On April 7, Hugh R. Taylor, AC, MD, succeeded Bruce E. Spivey, MD, MS, MEd, as President of the International Council of Ophthalmology (ICO). Dr. Taylor said, “Dr. Spivey’s leadership as ICO President has served as an excellent example, and I will continue to steer the ICO in the same direction: broadening and improving ophthalmic education and access to quality eye care around the globe.”
Advances in the Legislative Agenda
Grassroots advocacy is critical to advancing ophthalmology’s agenda, and the Academy frequently encourages the membership at large to contact lawmakers regarding their positions on specific issues. In fact, more than 3,600 Academy members sent more than 12,700 letters to members of Congress in 2013 alone by using the Academy’s advocacy website.
To further strengthen these efforts, the Academy’s Congressional Advocacy Program is developing a nationwide network of “grasstop” advocates. These are Academy members who volunteer to establish relationships with federal lawmakers and who are willing to work very quickly when called upon. These members communicate the Academy’s pro-ophthalmology, pro-patient priorities directly to their lawmakers. Congressional Advocates utilize their relationships with lawmakers to make personal appeals to advance the Academy’s legislative goals.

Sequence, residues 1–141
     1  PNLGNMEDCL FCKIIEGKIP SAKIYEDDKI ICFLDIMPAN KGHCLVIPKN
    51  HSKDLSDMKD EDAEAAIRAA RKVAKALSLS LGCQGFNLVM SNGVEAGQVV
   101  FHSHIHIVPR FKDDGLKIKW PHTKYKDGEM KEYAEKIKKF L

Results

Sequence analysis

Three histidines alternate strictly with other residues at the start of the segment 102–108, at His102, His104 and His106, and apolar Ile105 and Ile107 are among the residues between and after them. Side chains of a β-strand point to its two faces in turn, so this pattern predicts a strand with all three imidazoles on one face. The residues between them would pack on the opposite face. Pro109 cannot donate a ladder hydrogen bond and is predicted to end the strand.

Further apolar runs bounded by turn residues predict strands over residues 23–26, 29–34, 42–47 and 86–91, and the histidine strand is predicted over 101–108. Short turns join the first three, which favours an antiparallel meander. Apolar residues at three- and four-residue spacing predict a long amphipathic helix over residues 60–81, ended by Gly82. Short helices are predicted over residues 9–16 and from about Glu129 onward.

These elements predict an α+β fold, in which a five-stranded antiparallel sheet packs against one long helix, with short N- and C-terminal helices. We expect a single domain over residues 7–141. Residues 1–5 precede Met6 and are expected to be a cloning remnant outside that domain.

Two Congressional Advocates. Shortly after an in-district meeting with Rep. Dave Camp (R-Mich.), Academy Congressional Advocate James L. Jackson, MD, said, “Our representatives cannot consider our positions on the issues unless we make the effort to communicate with them. My Congressman tells me he wants to hear my opinions.” Rep. Camp is chairman of the powerful House Committee on Ways and Means, which has oversight of the Medicare program. Dr. Jackson’s strong relationship with Rep. Camp plays a key role in the Academy’s advocacy efforts on Medicare physician pay reform.
Another Congressional Advocate, Howard B. Goldman, MD, has developed relationships with members of Congress by inviting them to tour his surgical center. He used these opportunities to provide an ophthalmic perspective on federal health care legislation, including a bill that would make Academy-supported changes to the Medicare Electronic Health Record Incentive Program.
Consider becoming a Congressional Advocate. Through their relationships with lawmakers, Congressional Advocates become trusted sources on how certain bills and policies would impact their patients and practices. The Academy’s goal is to have at least one advocate in every congressional district. Most of the Academy’s Congressional Advocates have an existing relationship with their lawmaker, but those who do not have an established relationship are encouraged to develop one. The Academy has matched a Congressional Advocate to almost every member of Congress, but the goal is not complete.
To learn more about becoming a Congressional Advocate, visit the Academy's OphthPAC Web page or contact Sage Bauer at firstname.lastname@example.org or 202-737-6662.